Hyundai and LG will invest an additional $2B into making batteries at Georgia electric vehicle plant
SAVANNAH, Ga. (AP) — Hyundai and LG Energy Solution are spending an additional $2 billion and hiring an extra 400 workers to make batteries at the automaker’s sprawling U.S. electrical vehicle plant that’s under construction in Georgia. The announcement Thursday comes three months after the companies first announced a partnership to produce EV batteries for the vehicles Hyundai plans to begin manufacturing at the site west of Savannah in 2025. Expanding the plant’s battery-making operation brings the project’s total investment to more than $7.5 billion and its overall workforce to 8,500. Gov. Brian Kemp hailed the expansion announcement as part of a continuing effort to “make Georgia the e-mobility capital of the nation.”
Visual artists fight back against AI companies for repurposing their work
NEW YORK (AP) — Three visual artists are suing artificial intelligence image-generators to protect their copyrights and careers. A federal judge must soon decide whether to dismiss the case. The lawsuit may serve as an early bellwether of how hard it will be for all kinds of creators to stop AI developers from profiting off their work. The issue could affect Hollywood actors, novelists, musicians and computer programmers, among others. Two of the plaintiffs, Kelly McKernan and Karla Ortiz, say the case is essentially about preserving the human element of artistic creation — and protecting the livelihoods of artists.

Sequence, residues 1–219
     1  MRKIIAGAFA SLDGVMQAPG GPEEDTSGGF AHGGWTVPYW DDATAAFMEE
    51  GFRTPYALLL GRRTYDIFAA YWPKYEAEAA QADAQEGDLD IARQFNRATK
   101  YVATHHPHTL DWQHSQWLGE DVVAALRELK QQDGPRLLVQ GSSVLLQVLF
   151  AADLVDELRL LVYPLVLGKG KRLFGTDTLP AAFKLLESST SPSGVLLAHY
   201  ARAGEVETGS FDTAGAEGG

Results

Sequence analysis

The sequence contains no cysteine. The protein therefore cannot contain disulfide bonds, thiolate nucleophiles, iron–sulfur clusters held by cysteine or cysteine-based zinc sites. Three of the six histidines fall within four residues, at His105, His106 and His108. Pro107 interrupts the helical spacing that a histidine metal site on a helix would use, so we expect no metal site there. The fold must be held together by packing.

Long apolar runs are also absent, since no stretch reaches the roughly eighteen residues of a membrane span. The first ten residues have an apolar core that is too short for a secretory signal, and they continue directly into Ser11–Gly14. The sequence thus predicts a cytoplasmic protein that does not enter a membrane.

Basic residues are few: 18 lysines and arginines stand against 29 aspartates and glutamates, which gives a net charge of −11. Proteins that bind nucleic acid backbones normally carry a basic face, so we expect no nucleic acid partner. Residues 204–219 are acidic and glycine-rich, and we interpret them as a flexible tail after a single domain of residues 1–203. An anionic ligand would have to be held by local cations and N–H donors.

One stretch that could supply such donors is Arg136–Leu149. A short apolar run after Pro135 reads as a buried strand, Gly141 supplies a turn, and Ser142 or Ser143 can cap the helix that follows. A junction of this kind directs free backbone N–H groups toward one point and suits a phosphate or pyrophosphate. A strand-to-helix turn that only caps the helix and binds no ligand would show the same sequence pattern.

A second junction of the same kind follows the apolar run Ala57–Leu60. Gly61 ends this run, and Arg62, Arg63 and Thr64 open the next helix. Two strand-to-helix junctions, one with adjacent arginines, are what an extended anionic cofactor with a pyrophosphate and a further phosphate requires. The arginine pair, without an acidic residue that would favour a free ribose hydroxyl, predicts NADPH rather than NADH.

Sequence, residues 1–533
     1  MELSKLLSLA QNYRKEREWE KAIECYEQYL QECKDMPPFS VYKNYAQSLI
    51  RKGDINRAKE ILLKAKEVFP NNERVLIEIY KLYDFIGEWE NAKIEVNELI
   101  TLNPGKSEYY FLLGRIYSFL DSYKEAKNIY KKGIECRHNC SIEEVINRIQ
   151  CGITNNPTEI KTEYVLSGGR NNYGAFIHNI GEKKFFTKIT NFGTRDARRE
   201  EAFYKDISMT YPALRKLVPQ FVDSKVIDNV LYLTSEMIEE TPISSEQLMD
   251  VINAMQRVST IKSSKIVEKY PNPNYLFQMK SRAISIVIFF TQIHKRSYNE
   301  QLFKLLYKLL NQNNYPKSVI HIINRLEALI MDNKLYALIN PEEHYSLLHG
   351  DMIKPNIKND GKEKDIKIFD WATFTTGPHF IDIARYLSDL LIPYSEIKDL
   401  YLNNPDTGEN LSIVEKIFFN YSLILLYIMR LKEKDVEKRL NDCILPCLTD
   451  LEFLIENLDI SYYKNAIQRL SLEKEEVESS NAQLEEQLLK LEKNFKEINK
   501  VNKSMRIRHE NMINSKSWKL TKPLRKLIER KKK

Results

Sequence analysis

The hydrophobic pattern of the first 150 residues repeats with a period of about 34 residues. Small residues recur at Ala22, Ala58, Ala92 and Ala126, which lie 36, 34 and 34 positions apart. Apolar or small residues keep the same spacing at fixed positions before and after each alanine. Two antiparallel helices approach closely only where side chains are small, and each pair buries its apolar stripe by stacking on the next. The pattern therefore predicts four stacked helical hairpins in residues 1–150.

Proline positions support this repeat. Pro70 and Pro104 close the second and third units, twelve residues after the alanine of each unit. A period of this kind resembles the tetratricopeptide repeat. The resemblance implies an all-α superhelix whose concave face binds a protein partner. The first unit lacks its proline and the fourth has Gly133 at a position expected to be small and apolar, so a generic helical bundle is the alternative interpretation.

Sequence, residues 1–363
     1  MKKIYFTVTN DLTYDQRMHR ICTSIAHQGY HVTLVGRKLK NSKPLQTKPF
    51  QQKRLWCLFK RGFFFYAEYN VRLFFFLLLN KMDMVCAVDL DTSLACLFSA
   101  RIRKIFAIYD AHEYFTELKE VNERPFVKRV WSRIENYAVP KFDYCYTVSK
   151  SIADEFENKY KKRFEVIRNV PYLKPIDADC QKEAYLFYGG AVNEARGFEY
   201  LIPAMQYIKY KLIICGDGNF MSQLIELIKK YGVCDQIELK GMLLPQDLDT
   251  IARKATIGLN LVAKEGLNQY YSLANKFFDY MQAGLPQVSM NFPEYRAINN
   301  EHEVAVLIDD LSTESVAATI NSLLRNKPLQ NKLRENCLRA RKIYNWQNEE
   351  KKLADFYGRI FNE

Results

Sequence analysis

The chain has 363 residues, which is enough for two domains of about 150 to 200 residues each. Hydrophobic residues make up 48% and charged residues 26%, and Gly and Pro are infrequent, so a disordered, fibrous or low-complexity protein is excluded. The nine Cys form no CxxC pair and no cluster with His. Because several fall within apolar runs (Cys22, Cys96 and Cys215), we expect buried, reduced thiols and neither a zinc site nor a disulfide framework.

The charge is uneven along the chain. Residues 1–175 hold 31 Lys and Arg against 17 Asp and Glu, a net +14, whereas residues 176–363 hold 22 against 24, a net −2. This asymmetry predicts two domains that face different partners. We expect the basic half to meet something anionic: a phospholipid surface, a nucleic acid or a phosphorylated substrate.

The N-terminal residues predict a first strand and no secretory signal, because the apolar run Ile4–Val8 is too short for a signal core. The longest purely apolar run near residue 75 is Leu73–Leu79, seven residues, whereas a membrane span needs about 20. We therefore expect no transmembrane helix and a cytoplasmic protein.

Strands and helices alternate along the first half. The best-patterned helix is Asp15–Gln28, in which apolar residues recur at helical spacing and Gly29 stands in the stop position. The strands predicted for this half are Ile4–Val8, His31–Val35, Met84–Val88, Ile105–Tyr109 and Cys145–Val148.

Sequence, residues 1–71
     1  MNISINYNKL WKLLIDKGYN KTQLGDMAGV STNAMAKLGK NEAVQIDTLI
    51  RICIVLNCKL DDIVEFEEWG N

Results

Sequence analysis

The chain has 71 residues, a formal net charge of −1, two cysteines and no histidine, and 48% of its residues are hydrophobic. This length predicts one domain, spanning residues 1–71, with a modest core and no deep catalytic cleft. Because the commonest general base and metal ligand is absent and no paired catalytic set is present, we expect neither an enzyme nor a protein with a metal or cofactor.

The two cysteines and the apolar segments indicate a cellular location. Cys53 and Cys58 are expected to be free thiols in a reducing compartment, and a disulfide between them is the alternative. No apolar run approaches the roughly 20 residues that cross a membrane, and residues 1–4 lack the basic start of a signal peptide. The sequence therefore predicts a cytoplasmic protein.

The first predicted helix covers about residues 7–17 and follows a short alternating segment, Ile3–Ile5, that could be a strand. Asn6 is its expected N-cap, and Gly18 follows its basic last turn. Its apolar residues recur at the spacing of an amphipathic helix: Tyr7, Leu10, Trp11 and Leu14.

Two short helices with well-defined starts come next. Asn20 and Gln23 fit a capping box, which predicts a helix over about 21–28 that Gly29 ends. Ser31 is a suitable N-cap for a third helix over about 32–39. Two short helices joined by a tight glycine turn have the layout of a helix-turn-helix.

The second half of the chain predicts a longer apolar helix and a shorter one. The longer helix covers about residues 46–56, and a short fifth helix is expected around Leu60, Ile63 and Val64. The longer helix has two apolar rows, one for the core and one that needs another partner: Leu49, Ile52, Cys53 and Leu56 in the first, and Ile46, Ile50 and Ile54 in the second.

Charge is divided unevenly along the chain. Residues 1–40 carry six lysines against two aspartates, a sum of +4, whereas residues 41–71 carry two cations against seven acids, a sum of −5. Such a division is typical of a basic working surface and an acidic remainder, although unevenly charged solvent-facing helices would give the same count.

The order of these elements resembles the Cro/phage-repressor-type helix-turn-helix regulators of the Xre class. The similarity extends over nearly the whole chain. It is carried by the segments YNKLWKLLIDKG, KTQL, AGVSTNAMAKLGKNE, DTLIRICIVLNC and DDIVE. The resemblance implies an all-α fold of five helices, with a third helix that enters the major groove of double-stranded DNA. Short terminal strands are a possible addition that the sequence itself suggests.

White House asks Congress to pass short-term funding bill to keep government operating